Danger in aid work
It is no longer news to report that aid work is often difficult and dangerous. CARE, as just one organization, has lost 117 staff members over the past two decades: men and women who have died while advancing our humanitarian mission.
What is news, however, is that now the host government can throw aid workers into jail. In Belgrade, three of our staff remain in prison after more than 130 days, convicted of passing "secret" information to an international organization, namely to CARE offices around the world. They are thus being held prisoner essentially for having done their humanitarian jobs.
Their convictions raise serious questions about the ability of humanitarian aid organizations to work in Yugoslavia and other areas of conflict.
The background goes like this. On March 31, Steve Pratt and Peter Wallace, Australian nationals, were detained at the Yugoslav border with Croatia. Border guards found a satellite phone, computers, maps, and situation reports in their vehicles. One week later, another CARE colleague, Branko Jelen, a Yugoslav national, was also taken into custody.
In May, a military court tried the three for operating and managing a spy ring, and working for a foreign intelligence agency. The evidence against them, by all accounts, was limited or non-existent. The court dismissed the original indictment, but then, in a bizarre twist, convicted the three on the entirely new charge of passing information to CARE. Their sentences were reduced on appeal in July from 12 years to 8 for Mr. Pratt, six to three for Mr. Jelen, and four to one for Mr. Wallace.
Ironically, the three men had been helping Serbian refugees displaced by earlier conflict in Bosnia and Croatia. CARE started assisting people in Yugoslavia after World War II, and returned to the Balkans when conflict broke out in the early 1990s. Its mandate is to help all people, irrespective of ethnic group.
Working from CARE's Belgrade office, Pratt was expected to report to his headquarters on the security risks facing his staff and the Serbian refugees they were serving. Nothing secret here. He passed along updates about logistical difficulties (problems with fuel and satellite phones), details about how and when staff were being evacuated from Belgrade, and general observations about increased fighting in northern Drenica, CARE's operational area.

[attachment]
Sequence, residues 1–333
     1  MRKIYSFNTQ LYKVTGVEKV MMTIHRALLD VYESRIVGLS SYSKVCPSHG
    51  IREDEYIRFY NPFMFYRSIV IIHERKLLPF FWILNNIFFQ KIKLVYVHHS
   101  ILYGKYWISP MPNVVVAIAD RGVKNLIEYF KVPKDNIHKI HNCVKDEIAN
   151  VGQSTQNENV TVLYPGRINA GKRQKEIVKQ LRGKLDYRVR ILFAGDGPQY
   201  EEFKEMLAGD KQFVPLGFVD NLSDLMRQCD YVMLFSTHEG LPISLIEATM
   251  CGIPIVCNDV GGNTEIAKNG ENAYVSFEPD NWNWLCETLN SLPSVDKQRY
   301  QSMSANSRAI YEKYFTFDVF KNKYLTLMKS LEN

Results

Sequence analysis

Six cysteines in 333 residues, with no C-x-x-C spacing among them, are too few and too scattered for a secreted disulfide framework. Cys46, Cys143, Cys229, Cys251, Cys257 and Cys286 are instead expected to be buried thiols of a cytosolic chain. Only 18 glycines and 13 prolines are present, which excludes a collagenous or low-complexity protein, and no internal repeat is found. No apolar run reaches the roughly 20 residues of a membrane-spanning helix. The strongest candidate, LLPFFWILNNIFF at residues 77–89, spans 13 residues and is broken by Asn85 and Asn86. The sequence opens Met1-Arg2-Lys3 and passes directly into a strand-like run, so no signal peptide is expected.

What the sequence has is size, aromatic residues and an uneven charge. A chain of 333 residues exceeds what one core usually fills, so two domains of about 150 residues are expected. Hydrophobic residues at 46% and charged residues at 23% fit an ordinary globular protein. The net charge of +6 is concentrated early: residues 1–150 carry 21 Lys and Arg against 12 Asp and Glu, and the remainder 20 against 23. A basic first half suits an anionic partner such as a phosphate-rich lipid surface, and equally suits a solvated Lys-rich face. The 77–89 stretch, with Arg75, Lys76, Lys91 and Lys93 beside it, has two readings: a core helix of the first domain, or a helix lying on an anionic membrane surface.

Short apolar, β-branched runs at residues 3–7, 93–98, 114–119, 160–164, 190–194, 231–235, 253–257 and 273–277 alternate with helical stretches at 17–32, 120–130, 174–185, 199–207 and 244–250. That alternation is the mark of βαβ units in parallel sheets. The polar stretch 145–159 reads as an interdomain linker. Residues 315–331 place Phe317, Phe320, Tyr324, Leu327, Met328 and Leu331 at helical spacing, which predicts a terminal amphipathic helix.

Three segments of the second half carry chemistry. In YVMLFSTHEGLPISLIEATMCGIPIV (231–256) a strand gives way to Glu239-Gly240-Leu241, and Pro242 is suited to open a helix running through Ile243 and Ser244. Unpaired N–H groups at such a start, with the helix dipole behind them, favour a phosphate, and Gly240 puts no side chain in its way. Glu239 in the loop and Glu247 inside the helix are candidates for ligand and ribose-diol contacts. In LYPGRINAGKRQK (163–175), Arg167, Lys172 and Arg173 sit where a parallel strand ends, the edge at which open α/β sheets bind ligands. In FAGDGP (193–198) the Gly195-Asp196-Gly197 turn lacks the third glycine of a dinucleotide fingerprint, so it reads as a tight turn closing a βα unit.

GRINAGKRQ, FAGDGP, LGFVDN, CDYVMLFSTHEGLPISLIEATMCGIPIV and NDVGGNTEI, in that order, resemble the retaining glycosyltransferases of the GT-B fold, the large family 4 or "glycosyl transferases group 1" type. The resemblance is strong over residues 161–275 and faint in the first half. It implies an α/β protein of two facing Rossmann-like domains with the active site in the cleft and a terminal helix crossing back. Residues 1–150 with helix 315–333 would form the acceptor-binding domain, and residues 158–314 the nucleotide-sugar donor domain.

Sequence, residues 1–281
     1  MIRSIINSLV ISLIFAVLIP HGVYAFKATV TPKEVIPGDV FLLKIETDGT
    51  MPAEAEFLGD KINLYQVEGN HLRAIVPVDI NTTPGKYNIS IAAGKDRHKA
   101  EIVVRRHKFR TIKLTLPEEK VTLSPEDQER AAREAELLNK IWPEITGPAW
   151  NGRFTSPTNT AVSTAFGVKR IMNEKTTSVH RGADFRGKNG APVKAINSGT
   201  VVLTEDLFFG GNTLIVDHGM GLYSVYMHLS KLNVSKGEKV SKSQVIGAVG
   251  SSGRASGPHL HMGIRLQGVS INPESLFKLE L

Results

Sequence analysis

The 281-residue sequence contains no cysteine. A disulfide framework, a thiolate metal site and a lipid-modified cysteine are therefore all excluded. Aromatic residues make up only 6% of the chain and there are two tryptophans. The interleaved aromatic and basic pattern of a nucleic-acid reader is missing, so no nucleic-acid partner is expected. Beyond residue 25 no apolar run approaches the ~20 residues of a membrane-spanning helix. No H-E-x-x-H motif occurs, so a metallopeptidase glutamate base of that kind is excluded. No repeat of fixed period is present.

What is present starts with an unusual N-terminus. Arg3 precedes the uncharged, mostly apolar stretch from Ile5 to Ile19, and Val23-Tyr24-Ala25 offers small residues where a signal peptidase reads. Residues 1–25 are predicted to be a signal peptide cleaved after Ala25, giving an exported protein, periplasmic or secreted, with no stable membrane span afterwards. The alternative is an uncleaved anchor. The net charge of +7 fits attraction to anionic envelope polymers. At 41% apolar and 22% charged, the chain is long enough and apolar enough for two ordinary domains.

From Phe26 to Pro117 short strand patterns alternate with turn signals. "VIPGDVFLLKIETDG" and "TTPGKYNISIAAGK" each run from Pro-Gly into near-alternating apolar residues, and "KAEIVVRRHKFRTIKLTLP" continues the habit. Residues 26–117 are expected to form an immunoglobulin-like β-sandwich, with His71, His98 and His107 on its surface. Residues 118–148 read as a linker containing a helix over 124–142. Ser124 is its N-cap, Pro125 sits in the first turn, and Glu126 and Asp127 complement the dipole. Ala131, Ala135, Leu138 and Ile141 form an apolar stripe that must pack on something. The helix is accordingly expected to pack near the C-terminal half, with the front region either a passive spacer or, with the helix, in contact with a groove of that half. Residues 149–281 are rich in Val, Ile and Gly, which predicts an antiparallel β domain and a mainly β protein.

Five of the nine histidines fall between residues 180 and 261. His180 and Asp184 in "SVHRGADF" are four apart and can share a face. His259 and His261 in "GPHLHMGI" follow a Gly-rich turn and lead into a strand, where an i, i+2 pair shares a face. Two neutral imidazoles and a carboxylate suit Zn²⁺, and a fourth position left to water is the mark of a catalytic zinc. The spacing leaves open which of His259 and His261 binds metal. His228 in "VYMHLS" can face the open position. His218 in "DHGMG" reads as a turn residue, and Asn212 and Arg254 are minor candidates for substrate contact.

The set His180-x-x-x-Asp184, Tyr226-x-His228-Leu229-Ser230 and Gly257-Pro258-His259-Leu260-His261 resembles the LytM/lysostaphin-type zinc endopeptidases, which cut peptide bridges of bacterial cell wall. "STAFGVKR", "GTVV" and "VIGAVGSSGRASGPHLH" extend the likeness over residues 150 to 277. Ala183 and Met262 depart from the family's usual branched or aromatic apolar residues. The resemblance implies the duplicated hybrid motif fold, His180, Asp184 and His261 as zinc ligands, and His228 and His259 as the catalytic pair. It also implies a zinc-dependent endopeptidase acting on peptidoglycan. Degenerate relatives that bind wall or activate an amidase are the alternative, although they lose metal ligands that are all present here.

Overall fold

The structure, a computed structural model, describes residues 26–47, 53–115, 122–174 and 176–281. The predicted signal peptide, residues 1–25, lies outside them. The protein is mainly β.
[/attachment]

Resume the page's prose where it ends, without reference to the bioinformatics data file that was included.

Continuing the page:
On March 20, he wrote: "There is mayhem and brutality in the field and [we] feel terribly powerless to respond." Up until March 31, the three men had been receiving positive feedback from the Yugoslav government about CARE's efforts to provide supplies, medicines, and fuel to 70,000 refugees in 600 different centers.
Last week the three men appealed to President Slobodan Milosevic for clemency. It may take weeks before a decision is made. The good news is that scores of world leaders, including Pope John Paul II, Kofi Annan, Nelson Mandela, Mary Robinson, Mark Malloch Brown, Jimmy Carter, Jesse Jackson, Victor Chernomyrdin, and Martti Ahtisaari, have sought to free the CARE captives.
We urge the international community to press for the release of the three CARE captives. We also call upon the Yugoslav government to demonstrate its good faith toward working with the international humanitarian community. Yugoslavia should grant our colleagues clemency and let them return to their families. In the weeks, months, and years to come, Yugoslavia will need more humanitarian workers who feel secure enough to do their work.
The continued imprisonment of the CARE workers puts all humanitarian workers in Yugoslavia at risk.
*Peter D. Bell is president and CEO of CARE USA, the international relief and development organization based in Atlanta. It is one of 10 CARE organizations around the world that form CARE International.
(c) Copyright 1999. The Christian Science Publishing Society